Krout prefers to use a dark beer, typically a porter or stout, “when marinating pork or chicken, I’ll use pale ales or wheat beers. Something lighter, such as Sam Adams Cherry Wheat on pork.”
Gravies, stews, and soups are natural combinations with beer. Both the malty and hoppy beers can be used, depending on what flavor profile you want. The darker, meltier beers have found their way into many chili recipes and stew gravies, while the hoppier beers have more often found a home in lighter soups, such as French onion and cheese soups.
Kraycar incorporates brewer Brian Anderson’s beers in the brewery’s soups. Coal City Stout is used in the chili. “It gives it a dark and rich taste,” and he said he uses Zack Morgan’s IPA in the French onion soup, since “the IPA has a lighter flavor.” Kraycar also uses MBC’s brown ale in place of beef broth on occasion.
Whitten said he uses a variety of beers in his stew recipes. “Even though I’m a porter drinking man, I don’t prefer it for my stew,” he said. “To me, it just doesn’t give the finishing quality that I prefer. Two of my favorites so far have been Warsteiner and the kolsh by Shiner.”
Mosholder said she prefers using a malty beer when cooking beef, but has found “that a more hoppy beer is better used with whiter meats, and absolutely with seafood.” She had been creating many beer-infused soup recipes made with the beers The Getaway has on draft.
Would you like to see some hubs/posts that have actual "cooking with beer" recipes?
Beers can also be used when a recipe calls for reduction, giving a different flavor profile than wine or broth would. As with any other liquid, though, as the water portion is cooked off, its flavors will become enhanced. With malty beers, this may create a very roasted or overly sweet flavor. With hoppy beers, this can create a very bitter flavor. Generally, malty beers are added toward the beginning of the boil, allowing the roasted and sweet flavors to merge with the ingredients. The hoppier beers will sometimes be used toward the end of cooking. This will instill the flavor of the beer, without intensifying its bitter aspect.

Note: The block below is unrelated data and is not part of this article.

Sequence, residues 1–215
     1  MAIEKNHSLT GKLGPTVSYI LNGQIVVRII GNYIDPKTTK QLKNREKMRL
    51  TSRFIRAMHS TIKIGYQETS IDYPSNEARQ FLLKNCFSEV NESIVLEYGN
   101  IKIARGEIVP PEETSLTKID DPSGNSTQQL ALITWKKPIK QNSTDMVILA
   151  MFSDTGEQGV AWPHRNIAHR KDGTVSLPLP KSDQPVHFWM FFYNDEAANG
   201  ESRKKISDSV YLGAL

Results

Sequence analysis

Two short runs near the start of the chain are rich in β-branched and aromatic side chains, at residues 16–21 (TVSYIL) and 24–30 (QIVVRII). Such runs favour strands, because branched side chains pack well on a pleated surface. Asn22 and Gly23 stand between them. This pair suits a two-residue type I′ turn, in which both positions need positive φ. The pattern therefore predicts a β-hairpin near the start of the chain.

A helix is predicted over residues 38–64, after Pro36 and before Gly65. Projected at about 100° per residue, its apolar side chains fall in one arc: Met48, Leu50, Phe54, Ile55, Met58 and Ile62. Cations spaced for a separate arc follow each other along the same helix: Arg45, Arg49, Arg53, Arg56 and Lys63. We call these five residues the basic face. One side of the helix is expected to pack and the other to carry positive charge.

Peightal uses the “it-was-there” theory sometimes, when it comes to using reducing beer. “I’ll have a beer in my hand while cooking, so I’ll reduce some of it and throw it on top of whatever I’ve made.”
Breads and batters have been popular beer-cooking methods, as anyone who has ever had beer-battered fish can attest to. Not only do different beers impart their specific flavors, but the yeast in the beer can be used as a leavening agent, to help puff up the batter. Lighter beers can also add a zest to pizza crust, pancakes, and biscuits.
Kraycar makes beer bread at the MBC, but goes a step further by “using the grains from the brewing process.”
Whitten also has his own method: “I prefer for the beer batter the use of greater hops to counter balance the sweetness of the fish or vegetable,” he said. “So an IPA comes to mind rather than a simple lager.”
Beer can be incorporated into any course of your dinner. Starting with appetizers and ending with desserts, it adds a unique flavor to any part of your meal.
While Peightal doesn’t do much with breads or desserts, “I will do everything in between,” he said. Piper’s Pub offers several dishes that use beer, including Guinness stew and a shepherd’s pie with Scotch ale gravy. “I play around a lot and found you can get a good kick from using stout in barbecue sauce. Beer mustard is always good, too.”
Krout says he prefers using beer with entrees. “I like to choose the beer depending on the type of meat,” although the recipe he’s worked on the most is “chili, definitely. I marinate the meat in beer for several hours before cooking it.”
And Kraycar is all about experimentation. Besides soups, he uses ale instead of wine for pasta sauce. “I have a recipe for stout ice cream that I would like to try,” he added.
Cooking with beer is like cooking with anything else. The more you do it, the better your recipes will become, the chefs said.
“Just tailor to your tastes.” Krout said.
The main advice Mosholder gives to people is “the same as cooking with wine. If you wouldn’t drink it, don’t use it. Cooking with beer is a fun way to take some recipes to the next level, and also come up with some new ones.”
“Experiment, try, see what it does,” Peightal offered. “I play, I experiment. Sometimes you’ll mess up. Just try again.”
Cooking with beer can be a rewarding experience. Not only does it add a unique flavor to foods, but it allows you to grow in experience as a cook. Just remember: if it tastes good to you, you’re doing it right.